By: Neftalí Ponce Hernández, Chef and owner of A la Burguer con el Chef, Executive Chef at Vidanta Puerto Peñasco.

Today we address a small portion of the wide and rich gastronomy of a Municipality such as Puerto Peñasco, which shelters us and gives us incredible peace and tranquility.

Combined with its spectacular nature, whether at sea or in the desert, and a large number of available activities, such as hunting, gathering, agriculture, and farming to name a few, Puerto Peñasco is unique.

Puerto Peñasco combined its first-class seafood with the evangelization of Padre Kino as he passed through the State of Sonora, and adopted many of the techniques and ingredients that the Spanish brought with them, making them part of an already existing gastronomic culture.

Over the years, this culture began to fade and reside mostly among the ethnic groups that to this day remain throughout this beautiful state.

Nowadays, because of trends, a fashion or the need to “rescue” ingredients and recipes, this cuisine is coming back using Fire and Salt, the basic elements needed to generate the simplest dish or the most sophisticated plate using current techniques, ingredients, and trends, and highlighting and renaming each ingredient to make up a whole.

Thousand-year-old techniques that have been maintained and that today are more important and appreciated, are combined with ingredients from the sea throughout the length and breadth of our Upper Gulf of California.

This sea, with its richness of species, invites us to use ingredients correctly respect the seasons, and avoid overexploitation to satisfy the market. It’s important to respect endangered species and closed seasons, avoid illegal fishing or poaching, and buying handicrafts and firewood made from protected species. It’s also important to avoid generating waste and polluting public areas that lack responsible management.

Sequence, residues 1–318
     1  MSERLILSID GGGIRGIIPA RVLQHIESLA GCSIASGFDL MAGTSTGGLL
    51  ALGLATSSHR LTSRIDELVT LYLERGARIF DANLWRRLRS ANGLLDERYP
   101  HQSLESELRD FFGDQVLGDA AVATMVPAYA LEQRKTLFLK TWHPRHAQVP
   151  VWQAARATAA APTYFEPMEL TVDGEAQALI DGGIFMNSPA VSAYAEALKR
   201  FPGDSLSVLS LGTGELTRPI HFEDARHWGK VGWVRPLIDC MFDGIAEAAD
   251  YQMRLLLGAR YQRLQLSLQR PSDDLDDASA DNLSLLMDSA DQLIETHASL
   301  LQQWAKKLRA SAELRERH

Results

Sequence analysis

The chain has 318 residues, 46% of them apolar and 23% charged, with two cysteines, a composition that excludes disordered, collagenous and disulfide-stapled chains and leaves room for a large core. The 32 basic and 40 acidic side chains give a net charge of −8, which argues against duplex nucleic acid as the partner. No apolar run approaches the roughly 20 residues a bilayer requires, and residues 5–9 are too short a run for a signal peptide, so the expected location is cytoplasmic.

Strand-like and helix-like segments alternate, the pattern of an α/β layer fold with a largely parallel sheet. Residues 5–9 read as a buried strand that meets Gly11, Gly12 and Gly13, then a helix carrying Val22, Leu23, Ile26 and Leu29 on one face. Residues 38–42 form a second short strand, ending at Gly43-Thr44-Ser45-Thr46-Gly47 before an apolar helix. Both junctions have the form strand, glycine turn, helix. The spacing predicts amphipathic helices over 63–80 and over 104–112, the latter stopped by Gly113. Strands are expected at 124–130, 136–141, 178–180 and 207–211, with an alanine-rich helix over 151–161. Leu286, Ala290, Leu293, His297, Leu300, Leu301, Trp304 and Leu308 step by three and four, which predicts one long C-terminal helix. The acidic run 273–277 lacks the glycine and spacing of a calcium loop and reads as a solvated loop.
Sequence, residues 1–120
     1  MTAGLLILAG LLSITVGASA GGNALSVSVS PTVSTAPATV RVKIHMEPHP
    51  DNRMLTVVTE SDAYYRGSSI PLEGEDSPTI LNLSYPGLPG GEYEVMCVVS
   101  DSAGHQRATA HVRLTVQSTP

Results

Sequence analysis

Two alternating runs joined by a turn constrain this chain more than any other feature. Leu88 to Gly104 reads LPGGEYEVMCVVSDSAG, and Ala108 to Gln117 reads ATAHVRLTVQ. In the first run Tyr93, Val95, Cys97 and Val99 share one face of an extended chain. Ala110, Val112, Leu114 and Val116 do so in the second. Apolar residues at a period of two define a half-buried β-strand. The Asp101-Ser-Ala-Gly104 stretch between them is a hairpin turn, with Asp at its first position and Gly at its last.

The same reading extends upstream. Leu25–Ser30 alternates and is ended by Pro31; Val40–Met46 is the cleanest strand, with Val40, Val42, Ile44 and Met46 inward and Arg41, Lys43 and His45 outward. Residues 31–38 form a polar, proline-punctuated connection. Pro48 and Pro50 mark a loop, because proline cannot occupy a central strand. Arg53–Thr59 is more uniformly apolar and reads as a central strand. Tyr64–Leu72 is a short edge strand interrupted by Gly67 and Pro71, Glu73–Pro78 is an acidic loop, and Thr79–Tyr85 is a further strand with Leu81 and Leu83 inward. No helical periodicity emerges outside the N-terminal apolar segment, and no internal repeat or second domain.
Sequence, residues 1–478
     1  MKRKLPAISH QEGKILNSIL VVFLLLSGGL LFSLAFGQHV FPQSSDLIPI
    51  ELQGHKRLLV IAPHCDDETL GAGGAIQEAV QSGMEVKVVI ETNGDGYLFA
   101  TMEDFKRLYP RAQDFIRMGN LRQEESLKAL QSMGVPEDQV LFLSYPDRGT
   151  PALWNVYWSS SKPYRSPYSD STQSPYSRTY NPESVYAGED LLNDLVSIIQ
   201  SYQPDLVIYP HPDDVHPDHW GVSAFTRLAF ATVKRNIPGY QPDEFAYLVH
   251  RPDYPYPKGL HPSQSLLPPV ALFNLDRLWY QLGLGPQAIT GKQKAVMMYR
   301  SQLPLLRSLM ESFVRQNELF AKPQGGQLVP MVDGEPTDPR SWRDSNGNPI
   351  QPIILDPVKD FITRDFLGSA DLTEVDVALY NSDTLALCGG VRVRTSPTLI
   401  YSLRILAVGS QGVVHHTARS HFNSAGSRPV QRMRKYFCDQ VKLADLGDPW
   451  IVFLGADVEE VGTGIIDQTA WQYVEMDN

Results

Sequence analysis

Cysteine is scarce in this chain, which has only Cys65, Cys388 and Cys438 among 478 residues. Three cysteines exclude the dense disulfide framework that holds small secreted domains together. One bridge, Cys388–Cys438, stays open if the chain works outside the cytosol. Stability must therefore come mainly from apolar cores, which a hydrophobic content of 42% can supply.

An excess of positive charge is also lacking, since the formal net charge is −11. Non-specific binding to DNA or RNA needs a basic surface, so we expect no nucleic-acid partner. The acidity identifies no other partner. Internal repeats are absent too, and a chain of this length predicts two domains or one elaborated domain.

With professional knowledge of techniques and resource optimization, we are able to create wonderful dishes that take advantage of the seasons and make the most of the resources put at our disposal by our producers, fishermen, and the community. We applaud all those who are be able to create and enhance our cuisine through the beautiful action of respecting the main ingredient and transform it to create unique dishes. We are grateful for the recipes that we have inherited throughout the history of this beautiful northern state where unique and top-quality elements and ingredients are combined and which we are proud to export and moreover, promote for local consumption.

And let’s not forget the journeys of characters like the Father Kino, whom we appreciate and value for bringing us ingredients from both livestock and agriculture in general, such as beef, wheat, grapes, and citrus, among many other no less important, and the Tohono O’odham ethnic group, who every year make their journey on the salt route to the beaches of Puerto Peñasco and have taught us the use of natural resources, in addition to their ceremonies and the sacrifices of the journey itself.